A Method for Avoiding Bias from Feature Selection with Application to Naive Bayes Classification Models

Longhai Li, Jianguo Zhang, Radford M. Neal

For many classification and regression problems, a large number of features are available for possible use - this is typical of DNA microarray data on gene expression, for example. Often, for computational or other reasons, only a small subset of these features are selected for use in a model, based on some simple measure such as correlation with the response variable. This procedure may introduce an optimistic bias, however, in which the response variable appears to be more predictable than it actually is, because the high correlation of the selected features with the response may be partly or wholely due to chance. We show how this bias can be avoided when using a Bayesian model for the joint distribution of features and response. The crucial insight is that even if we forget the exact values of the unselected features, we should retain, and condition on, the knowledge that their correlation with the response was too small for them to be selected. In this paper we describe how this idea can be implemented for ``naive Bayes'' models of binary data. Experiments with simulated data confirm that this method avoids bias due to feature selection. We also apply the naive Bayes model to subsets of data relating gene expression to colon cancer, and find that correcting for bias from feature selection does improve predictive performance.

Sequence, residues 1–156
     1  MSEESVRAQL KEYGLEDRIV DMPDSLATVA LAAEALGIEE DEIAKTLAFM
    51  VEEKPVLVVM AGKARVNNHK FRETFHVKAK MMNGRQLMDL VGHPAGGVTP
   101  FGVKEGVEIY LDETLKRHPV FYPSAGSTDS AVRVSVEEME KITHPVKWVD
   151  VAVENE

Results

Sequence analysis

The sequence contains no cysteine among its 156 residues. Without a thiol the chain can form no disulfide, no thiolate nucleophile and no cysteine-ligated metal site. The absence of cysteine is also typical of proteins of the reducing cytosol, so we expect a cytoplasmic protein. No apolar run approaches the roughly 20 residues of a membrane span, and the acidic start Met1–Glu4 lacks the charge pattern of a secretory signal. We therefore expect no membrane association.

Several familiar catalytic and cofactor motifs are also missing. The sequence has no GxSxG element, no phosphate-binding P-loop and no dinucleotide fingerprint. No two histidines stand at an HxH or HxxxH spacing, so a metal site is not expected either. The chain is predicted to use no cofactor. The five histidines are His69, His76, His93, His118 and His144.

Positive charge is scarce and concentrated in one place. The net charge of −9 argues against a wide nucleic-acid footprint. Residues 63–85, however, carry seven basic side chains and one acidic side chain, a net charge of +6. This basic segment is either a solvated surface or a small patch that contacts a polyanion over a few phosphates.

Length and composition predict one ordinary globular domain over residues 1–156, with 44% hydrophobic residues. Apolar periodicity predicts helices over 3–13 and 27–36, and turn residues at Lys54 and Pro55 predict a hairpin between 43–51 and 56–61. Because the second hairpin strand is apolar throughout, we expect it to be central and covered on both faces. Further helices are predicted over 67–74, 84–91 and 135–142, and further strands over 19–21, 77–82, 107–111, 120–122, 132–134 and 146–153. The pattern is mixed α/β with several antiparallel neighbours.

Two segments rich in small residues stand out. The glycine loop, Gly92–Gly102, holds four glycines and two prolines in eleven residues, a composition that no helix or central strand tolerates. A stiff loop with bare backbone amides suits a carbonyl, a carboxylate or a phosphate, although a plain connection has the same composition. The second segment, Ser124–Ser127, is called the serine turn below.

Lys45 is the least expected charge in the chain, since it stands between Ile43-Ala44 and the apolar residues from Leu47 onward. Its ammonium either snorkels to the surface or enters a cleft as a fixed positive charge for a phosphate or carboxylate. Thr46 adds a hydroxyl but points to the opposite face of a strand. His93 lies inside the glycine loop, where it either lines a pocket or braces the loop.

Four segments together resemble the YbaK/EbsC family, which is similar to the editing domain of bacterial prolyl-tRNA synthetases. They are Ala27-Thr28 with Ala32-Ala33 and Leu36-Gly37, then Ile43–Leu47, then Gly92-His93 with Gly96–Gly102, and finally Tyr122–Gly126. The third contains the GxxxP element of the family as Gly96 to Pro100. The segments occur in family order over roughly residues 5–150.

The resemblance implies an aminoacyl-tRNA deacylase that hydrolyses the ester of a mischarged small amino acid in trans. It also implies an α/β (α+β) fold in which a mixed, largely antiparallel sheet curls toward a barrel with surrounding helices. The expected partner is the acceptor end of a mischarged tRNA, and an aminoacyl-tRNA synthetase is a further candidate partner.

Technical Report No. 0705, Dept. of Statistics, University of Toronto (February 2007), 21 pages: postscript, pdf.

Also available from arXiv.org.

You can also get the software used for the tests in this paper.

Associated reference: A revised version of this paper appeared as follows:
Li, L., Zhang, J., and Neal, R. M. (2008) ``A method for avoiding bias from feature selection with application to naive Bayes classification models'', Bayesian Analysis, vol. 3, pp. 171-196: abstract, pdf.
A version of work also appears as Chapter 2 of Longhai Li's PhD thesis.